NEVER COME DOWN FROM THE PULPIT WITHOUT HAVING AROUSED HEARTS TO CONTRITION AND LOVE

Eugene continues his advice to Fr. Mille while he accompanies the Archbishop of Aix and preaches in his place.

In the morning, prior to the ceremonies, I think you will be asked to give a brief instruction on the Sacrament of Confirmation the children will be receiving. Watch that you are not too long, include many things in a few words. Never come down from the pulpit without having aroused hearts to contrition and love.
In the villages, make the Bishop understand the usefulness of speaking the local language.

Letter to Jean Baptiste Mille, 21 April 1837, EO IX n 614

What a difference to the Church this would make if more preachers put this into practice!

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One Response to NEVER COME DOWN FROM THE PULPIT WITHOUT HAVING AROUSED HEARTS TO CONTRITION AND LOVE

  1. Eleanor Rabnett, Oblate Associate says:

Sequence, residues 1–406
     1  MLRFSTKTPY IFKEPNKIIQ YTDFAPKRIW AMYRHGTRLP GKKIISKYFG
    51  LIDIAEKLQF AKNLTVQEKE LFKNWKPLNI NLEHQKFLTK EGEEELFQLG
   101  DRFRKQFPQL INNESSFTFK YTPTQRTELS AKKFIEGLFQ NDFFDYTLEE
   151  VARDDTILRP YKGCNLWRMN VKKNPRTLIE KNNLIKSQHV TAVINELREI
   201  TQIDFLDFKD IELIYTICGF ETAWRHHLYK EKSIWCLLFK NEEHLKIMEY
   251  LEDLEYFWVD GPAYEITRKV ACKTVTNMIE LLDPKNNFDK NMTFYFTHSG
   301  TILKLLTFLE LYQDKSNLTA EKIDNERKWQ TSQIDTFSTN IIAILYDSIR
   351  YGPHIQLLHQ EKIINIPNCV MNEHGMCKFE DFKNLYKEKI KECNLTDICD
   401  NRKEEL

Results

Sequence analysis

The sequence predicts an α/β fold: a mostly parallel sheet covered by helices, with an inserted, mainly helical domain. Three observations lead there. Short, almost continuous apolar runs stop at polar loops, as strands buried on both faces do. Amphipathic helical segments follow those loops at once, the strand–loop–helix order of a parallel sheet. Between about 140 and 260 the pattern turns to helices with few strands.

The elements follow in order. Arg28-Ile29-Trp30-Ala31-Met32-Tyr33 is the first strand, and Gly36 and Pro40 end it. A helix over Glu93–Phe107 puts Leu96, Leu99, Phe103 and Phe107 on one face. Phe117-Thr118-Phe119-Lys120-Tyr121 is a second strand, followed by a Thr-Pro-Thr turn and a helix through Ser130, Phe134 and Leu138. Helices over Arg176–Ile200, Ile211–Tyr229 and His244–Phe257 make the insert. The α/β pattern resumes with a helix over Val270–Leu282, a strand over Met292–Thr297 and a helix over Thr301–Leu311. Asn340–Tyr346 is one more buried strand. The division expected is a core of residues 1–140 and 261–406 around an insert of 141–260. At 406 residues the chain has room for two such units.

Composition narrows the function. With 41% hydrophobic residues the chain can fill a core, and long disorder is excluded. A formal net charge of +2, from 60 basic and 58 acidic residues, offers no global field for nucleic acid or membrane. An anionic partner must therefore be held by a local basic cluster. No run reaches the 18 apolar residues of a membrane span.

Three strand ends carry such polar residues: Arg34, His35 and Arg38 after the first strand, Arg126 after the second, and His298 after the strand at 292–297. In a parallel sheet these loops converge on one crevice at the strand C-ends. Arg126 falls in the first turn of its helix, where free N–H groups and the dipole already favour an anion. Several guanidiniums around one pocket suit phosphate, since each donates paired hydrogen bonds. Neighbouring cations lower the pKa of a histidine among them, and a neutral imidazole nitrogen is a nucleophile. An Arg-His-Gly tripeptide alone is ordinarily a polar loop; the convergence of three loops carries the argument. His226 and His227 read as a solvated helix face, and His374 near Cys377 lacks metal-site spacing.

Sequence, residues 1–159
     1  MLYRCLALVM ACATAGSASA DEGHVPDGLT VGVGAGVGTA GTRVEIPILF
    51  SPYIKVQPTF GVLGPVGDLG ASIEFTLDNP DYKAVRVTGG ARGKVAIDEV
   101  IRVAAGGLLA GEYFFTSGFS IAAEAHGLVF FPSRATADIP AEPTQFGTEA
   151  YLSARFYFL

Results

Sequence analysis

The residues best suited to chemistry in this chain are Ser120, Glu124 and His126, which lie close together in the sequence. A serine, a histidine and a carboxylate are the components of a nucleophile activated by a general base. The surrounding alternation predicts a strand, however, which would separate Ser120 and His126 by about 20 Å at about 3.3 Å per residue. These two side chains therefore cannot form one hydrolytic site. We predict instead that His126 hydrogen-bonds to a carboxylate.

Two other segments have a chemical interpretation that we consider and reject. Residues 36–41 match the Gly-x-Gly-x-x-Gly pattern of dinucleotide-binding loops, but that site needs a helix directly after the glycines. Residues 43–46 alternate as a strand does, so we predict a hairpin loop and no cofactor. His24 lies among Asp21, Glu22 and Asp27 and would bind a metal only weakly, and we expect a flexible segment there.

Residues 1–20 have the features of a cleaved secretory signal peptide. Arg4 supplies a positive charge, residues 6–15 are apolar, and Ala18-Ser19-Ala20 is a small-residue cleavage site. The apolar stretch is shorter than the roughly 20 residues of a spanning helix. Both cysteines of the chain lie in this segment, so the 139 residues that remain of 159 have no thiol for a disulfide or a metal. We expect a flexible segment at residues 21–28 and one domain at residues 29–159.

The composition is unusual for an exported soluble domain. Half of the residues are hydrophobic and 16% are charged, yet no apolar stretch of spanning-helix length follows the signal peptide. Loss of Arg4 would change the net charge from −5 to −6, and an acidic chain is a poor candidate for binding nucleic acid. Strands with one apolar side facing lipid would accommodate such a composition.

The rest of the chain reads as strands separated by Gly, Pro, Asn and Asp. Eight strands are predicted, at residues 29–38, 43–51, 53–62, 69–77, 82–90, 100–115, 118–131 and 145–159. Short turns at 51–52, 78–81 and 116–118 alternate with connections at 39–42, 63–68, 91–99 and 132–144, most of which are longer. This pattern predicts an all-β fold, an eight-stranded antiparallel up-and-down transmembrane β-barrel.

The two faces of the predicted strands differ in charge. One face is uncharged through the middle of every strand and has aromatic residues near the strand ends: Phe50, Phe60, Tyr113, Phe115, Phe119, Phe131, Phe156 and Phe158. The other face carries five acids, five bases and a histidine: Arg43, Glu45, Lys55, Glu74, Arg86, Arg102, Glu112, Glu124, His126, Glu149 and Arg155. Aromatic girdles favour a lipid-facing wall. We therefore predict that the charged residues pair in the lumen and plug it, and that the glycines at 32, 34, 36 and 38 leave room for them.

I find myself responding to this invitation to arouse hearts to contrition and love. Somehow with love contrition is a natural response; with contrition being born out of the acceptance of love.

    I am reminded of Eugene’s own Good Friday experience of Jesus on the cross; his total awareness of Jesus giving up his own life for him. The tears that poured up from within him – not contrived, they were tears of contrition and healing that readily flowed up from his heart.

    It was that love that he shared when he preached his first Lenten Homily in the Church of the Madeleine; it was that experience of God that he shared with the poor and wretched, those abandoned and ignored by society.

    “My brothers, dear brothers, respected brothers… you are God’s children, the brothers of Jesus Christ, heirs to his eternal kingdom… there is within you an immortal soul made in the image of God… a soul ransomed at the price of the blood of Jesus Christ, more precious in the eyes of God than all earth’s riches.”

    There was no judgement or condemnation, no ‘shoulds’ or ‘have-to’s’; only, the sharing from his heart of his own experience of God’s love. And he said it all in the language of those he was speaking to.

    What a difference to the Church and to the world this would make if we all tried to put this into practice by preaching – not just from a pulpit but also in how we live.

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